25.06.2018

This should create plenty of space for farmers to adopt agroecology, but instead they remain stuck with unimproved methods, stagnant crop yields and deep rural poverty. What they need is a Green Revolution.

Robert Paarlberg is Adjunct Professor of Public Policy at Harvard Kennedy School in Cambridge, Massachusetts, USA.
Contact: robert_paarlberg(at)hks.harvard.edu

References

ANAP (2012).  “Agroecology in Cuba: For the Farmer Seeing is Believing.”  FAO, 52 Profiles on Agroecology. Case Study provided by La Via Campesina.

Altieri, Miguel (1999).  “Applying Agroecology to Enhance the Productivity of Peasant Farming Systems in Latin America” Environment, Development, and Sustainability, 1:197-217.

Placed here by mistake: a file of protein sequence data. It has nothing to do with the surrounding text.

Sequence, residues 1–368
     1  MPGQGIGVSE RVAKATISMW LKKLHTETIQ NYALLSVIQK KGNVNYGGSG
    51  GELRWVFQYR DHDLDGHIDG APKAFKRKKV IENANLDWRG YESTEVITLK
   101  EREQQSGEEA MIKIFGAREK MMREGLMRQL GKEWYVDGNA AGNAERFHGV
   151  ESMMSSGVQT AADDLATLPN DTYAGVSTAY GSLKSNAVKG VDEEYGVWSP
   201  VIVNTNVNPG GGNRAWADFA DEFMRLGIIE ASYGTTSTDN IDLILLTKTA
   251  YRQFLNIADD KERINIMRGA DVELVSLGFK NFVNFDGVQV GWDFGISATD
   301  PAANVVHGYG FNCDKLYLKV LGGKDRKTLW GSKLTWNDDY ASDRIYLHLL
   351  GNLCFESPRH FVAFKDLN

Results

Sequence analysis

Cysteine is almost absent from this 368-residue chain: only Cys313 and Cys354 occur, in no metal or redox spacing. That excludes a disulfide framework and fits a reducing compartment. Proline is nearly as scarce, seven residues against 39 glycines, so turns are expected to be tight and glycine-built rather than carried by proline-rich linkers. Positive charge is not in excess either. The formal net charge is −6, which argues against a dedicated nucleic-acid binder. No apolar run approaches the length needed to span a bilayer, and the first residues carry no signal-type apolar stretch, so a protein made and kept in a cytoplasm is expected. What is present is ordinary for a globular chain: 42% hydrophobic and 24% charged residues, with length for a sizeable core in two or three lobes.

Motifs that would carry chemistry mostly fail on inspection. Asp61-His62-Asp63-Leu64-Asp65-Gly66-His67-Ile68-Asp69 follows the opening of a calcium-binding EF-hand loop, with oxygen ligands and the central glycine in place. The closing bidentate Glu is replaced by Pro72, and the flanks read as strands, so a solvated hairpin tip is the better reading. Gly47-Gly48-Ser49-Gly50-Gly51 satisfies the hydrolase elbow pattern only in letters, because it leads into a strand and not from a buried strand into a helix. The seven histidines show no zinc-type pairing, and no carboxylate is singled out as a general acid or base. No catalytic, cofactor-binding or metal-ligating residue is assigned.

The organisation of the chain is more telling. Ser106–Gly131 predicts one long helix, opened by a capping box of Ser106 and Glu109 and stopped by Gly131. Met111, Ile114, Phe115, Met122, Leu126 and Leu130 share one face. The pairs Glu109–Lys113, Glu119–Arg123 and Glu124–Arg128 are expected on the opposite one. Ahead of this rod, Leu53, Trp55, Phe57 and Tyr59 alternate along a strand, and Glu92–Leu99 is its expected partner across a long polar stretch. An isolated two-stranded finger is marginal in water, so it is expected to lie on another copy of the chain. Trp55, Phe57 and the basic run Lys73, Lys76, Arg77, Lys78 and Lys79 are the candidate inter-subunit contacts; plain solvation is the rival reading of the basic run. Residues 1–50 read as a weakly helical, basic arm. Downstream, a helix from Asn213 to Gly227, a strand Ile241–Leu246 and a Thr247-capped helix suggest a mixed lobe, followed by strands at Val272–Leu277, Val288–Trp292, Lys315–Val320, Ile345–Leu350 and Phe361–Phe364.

FAOSTAT: Fertilizer archive.

Gonzalez de Molina, Manuel (2016).  “Political Agroecology: An Essential Tool to Promote Agrarian Sustainability.” PP. 55-71. In Mendez et al., eds.

Rosset, Peter Michael et al. (2011). “The Campesino-to-Campesino agroecology movement of ANAP in Cuba,”  Journal of Peasant Studies, Vol. 38, No. 1, abstract.

Silici, Laura (2014).  Agroecology: What it is and what it has to offer. IEED.  Issue Paper June 2014. London: IEED.  Executive Summary.

Valenzuela, Hector (2016). “Agroecology: A Global Paradigm to Challenge Mainstream Industrial Agriculture”. In: Horticulturae.

Whittome, M. (1994).  The Adoption of Alley Farming in Nigeria and Benin: The on-farm experience of IITA.  PhD thesis, Department of Geography, University of Cambridge, UK.

World Bank Development Indicators.

World Bank Data on Fertilizer consumption.